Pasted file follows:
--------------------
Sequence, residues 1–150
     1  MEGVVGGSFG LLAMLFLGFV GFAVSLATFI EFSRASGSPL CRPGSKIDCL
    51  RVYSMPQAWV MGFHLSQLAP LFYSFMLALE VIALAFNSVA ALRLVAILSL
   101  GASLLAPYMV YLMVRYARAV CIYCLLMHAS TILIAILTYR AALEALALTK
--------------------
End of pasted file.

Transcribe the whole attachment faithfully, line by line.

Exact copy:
Sequence, residues 1–150
     1  MEGVVGGSFG LLAMLFLGFV GFAVSLATFI EFSRASGSPL CRPGSKIDCL
    51  RVYSMPQAWV MGFHLSQLAP LFYSFMLALE VIALAFNSVA ALRLVAILSL
   101  GASLLAPYMV YLMVRYARAV CIYCLLMHAS TILIAILTYR AALEALALTK